Step It Up

4th January 2013

Heather Harris charts the changing face of exercise classes

Standing on one leg in a boiling hot warehouse with my hands on my head, I reflect how times have changed. Just a couple of decades ago if anyone had suggested that Bikram Yoga (aka ‘hot yoga’: think torture in a sauna) would be the latest exercise craze, you’d have thought that the heat had gone to their head. The same goes for Spinning. Imagine the response to a brainstorming session where a fitness instructor tentatively suggested super glueing bikes to the gym floor and inviting us to pedal away our cellulite.

But that’s the thing with exercise (a justifiably popular ‘New Year New You’ resolution) When it comes to ‘going for the burn’ we’re fickle. Technicolour sweat bands and high cut leotards have been replaced by skin-tight Lycra and sturdy sports bras and we’re now more likely to be wading through mud on Boot Camps than doing the grapevine to Madonna’s Greatest Hits.

Despite a recent Horizon documentary suggesting that we need to exercise for only three minutes a week – marginally less than it takes to eat a Big Mac and fries – the fact is that the fitness market is still as active as its customers.

Making pounds from the continued human desire to lose pounds has always been a healthy business model. The fitness industry has recently been estimated to have piled £33.5 billion on to the UK economy.

Ever since Marcus Cicero stated, around 65BC, “It is exercise alone that supports the spirits, and keeps the mind in vigour”, the positive feeling induced by getting out for a decent spell of Roman chariot racing rather than sitting around in a thermal bath was clear.

However, incredibly, it wasn’t until a study of men working on the buses in 1949 that the link between physical health and exercise (or lack of it) was officially reported. A team led by Dr Jerry Morris noted that men of similar social class and occupation (bus conductors versus drivers) suffered significantly different rates of heart attacks according on their level of exercise they got: bus drivers – sedentary occupation – had a higher incidence of heart disease, while bus conductors, forced to move about continually, had a lower incidence.

Skip forward (burning approximately ten calories a minute) to 1982 and following success in the USA, Jane Fonda released her first exercise video on an unprepared British public. As David Minton, from monitoring company The Leisure Database, told me, “Local Authority sports halls suddenly had up to a thousand women a night donning their leg warmers and doing the Fonda workout”. And once we’d started, there was simply no stopping us. Now it is a local council requirement for their residents to be just a short jog or invigorating pedal away from a public leisure centre complete with eye-stinging pool, communal changing room (oh, please…) and mirrored exercise studio.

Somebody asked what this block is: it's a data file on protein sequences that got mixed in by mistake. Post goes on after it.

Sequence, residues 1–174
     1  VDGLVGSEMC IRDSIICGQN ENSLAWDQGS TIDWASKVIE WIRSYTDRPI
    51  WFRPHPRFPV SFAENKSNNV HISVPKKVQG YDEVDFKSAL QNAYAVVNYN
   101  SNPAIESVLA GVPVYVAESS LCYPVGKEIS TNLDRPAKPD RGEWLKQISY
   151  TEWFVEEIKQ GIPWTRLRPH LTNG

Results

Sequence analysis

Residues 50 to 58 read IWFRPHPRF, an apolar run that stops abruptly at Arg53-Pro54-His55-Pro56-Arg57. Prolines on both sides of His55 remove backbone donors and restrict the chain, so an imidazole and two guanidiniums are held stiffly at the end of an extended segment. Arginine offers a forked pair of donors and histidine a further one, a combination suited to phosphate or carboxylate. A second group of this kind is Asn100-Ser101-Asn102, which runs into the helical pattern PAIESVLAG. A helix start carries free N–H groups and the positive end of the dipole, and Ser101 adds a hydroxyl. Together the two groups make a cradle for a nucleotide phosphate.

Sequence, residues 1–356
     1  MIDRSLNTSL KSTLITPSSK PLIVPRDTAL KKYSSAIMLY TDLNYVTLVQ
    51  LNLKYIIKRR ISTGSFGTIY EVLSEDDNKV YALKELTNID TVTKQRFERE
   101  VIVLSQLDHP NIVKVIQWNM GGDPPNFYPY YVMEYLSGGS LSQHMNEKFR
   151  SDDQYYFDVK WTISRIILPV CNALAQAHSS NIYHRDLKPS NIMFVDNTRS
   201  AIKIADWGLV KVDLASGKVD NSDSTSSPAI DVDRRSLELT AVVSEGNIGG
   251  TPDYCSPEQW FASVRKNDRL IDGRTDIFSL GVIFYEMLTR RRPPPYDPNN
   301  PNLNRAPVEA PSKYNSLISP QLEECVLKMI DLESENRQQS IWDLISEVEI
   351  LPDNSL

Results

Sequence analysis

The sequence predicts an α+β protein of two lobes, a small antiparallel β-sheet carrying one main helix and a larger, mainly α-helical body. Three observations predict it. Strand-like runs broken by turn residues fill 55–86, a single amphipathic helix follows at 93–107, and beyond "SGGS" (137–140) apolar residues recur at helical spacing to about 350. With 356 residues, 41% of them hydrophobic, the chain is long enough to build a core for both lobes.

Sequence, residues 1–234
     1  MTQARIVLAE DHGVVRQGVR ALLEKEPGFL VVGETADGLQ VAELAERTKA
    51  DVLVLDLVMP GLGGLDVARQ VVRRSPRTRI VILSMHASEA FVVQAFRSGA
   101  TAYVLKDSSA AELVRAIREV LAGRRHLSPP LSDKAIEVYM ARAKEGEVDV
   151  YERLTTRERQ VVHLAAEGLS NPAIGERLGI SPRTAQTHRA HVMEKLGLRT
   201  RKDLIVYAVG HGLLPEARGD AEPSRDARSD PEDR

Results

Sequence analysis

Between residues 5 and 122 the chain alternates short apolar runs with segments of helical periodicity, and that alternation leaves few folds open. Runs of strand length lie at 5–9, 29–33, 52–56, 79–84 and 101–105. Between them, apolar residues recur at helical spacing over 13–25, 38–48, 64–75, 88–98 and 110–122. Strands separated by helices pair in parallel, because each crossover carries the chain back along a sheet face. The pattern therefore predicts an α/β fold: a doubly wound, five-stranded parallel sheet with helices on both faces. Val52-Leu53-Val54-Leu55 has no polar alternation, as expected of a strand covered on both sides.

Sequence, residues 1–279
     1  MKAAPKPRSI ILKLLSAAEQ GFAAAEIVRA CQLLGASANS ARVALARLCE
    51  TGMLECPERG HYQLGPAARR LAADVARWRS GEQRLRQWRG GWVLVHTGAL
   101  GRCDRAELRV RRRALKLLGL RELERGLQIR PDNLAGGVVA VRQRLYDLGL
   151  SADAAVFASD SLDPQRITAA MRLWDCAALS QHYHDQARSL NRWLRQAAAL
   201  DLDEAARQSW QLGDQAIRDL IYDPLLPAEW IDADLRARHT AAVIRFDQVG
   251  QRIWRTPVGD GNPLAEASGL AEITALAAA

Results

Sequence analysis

Add to this the opening of Fitness First in 1993, followed by ten other major private UK health clubs including David Lloyd, Virgin Active and LA Fitness and there’s really no excuse not to do the 20 minutes of exercise a day championed by our jogging Prime Minister.

No excuse, that is, except boredom.

In a study of why 70% of people give up a New Year’s Resolution to ‘do more exercise’ before they’ve finished the leftover turkey, ‘monotony’ was cited as the main reason. That’s why today’s leisure club timetables offer more choice than the average Chinese Takeaway. Starting at 6.30am at our local gym we can do Boxercise; Fab Abs; Body Conditioning; Legs, Tums and Bums and Pilates before most people have had their 11 o’clock muffin. Then there’s Bikini Boot Camp, Run Fit, Back Fit, Body Pump and Aqua Aerobics to add to the exhaustive (or exhausting) list. And for those who prefer to dance away that third packet of Hob Nobs, Salsa and Zumba have shimmied their way into our affections and the local village hall.